“Head of English” by Carol Ann Duffy. Notes.


Head of English

Today we have a poet in the class.
A real live poet with a published book.
Notice the inkstained fingers, girls. Perhaps
we’re going to witness verse hot from the press.
Who knows. Please show your appreciation by clapping. Not too loud. Now

sit up straight and listen. Remember
the lesson on assonance, for not all poems,
sadly, rhyme these days. Still. Never mind.
Whispering’s, as always, out of bounds – 10 but do feel free to raise some questions.
After all, we’re paying forty pounds.

Those of you with English Second Language,
see me after break. We’re fortunate
to have this person in our midst. Season of mists and so on and so forth.
I’ve written quite a bit of poetry myself,
am doing Kipling with the Lower Fourth.

Right. That’s enough from me. On with the Muse.
Open a window at the back. We don’t want winds of change about the place.
Take notes, but don’t write reams. Just an essay
on the poet’s themes. Fine. Off we go.
Convince us that there’s something we don’t know.

Well. Really. Run along now, girls. I’m sure that gave an insight to an outside view.
Applause will do. Thank you
very much for coming here today. Lunch
in the hall? Do hang about. Unfortunately,
I have to dash. Tracey will show you out.

Carol Ann Duffy

I love this poem, as an ex-Head of English myself I can hear my own voice and others in her pomposity and her exasperation and rushed insensitivity. It makes me laugh out loud every time I read it.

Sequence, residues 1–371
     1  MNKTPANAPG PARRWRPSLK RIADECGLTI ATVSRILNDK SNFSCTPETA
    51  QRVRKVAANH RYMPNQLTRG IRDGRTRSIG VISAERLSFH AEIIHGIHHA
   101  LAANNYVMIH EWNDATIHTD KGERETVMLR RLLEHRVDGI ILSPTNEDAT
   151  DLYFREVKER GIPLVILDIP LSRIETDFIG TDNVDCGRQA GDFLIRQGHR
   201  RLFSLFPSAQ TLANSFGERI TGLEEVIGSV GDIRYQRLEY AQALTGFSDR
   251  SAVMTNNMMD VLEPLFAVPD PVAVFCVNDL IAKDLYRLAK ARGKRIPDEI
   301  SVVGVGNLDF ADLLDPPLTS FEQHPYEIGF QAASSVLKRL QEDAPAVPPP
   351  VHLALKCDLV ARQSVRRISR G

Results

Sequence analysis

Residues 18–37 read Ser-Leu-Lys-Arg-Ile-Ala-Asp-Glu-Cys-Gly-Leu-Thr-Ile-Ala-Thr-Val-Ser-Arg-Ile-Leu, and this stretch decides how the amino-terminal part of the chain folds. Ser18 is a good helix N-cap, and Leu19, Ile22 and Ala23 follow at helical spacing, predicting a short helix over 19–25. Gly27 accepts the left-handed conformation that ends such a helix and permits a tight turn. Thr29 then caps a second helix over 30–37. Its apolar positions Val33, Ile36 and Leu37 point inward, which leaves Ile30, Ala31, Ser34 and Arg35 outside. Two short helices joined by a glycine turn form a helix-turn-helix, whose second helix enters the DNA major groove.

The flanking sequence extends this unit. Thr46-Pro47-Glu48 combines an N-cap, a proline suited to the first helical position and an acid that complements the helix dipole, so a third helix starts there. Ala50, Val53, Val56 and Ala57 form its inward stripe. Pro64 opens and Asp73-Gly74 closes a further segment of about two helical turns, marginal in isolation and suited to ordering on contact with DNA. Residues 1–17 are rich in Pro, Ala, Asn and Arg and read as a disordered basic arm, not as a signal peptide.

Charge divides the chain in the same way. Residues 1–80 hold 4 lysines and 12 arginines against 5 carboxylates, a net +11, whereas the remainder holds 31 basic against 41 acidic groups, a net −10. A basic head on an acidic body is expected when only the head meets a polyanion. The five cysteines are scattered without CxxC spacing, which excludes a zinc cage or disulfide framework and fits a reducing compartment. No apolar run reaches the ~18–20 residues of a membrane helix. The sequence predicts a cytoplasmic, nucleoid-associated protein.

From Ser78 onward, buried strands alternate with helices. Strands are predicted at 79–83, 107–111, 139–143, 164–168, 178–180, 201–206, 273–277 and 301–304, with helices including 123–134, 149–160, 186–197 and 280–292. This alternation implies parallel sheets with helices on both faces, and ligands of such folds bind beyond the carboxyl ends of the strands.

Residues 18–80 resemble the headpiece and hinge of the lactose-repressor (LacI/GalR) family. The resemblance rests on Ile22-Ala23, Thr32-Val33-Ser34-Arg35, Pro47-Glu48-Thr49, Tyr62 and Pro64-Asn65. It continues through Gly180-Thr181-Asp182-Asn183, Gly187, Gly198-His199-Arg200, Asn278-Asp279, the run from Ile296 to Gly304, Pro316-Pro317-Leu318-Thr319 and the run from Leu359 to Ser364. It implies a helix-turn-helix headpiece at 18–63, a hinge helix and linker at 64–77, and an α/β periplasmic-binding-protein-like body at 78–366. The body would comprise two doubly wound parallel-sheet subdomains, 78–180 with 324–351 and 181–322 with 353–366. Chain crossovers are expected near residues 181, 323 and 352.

This blog is a pretty quiet place, as I do absolutely nothing to increase traffic (as I believe it is called). I don’t link it to anything and I don’t do any other social media at all, so I have been fascinated to see how many views I get from India, from Pakistan and from some other WordPress readers on the same poetry posts.

I have two short posts that continuously attract “traffic” and they are about “ The Road Through the Woods” by Kipling and “McCavity the Mystery Cat” by Elliot. I have deduced that they are both on an exam syllabus and many struggling students have stumbled across my posts and used them to help with homework or revision.

I see “The Head of English” is on the IGCSE syllabus at the moment, so this post is by way of an experiment to see if my simple notes attract interest.

Notes on the poem ( feel free to use!)

Carol Ann Duffy is a famous poet and she must often have visited schools and given talks to pupils just like “the real life poet” in this poem. She would have been met by many women like the Head of English ( the head of the English department in the school) and given an introductory talk by her to the students. After the poet had spoken; in this case to “the girls”; she would then have been given a few words of thanks by the Head of English and then usually taken for lunch with the other teachers in the staff room. The poet would have been given a small payment for this talk: in this case “ forty pounds”.

What is original about this poem is that we never hear a word from the actual poet. She is not a character in the poem at all. Duffy speaks entirely through the Head of English and creates a wonderfully small minded, judgmental character who speaks in cliches; likes old fashioned poetry and is obviously very unimpressed by what the real poet has to say “Well. Really”

First Stanza:

The Head of English is addressing her pupils before the poet speaks to them. The Head of English speaks in awful clichés “ note the inkstained fingers” and “verse hot off the press”. She tells the pupils to clap but “not too loud”, she is the controlling and illogical school teacher .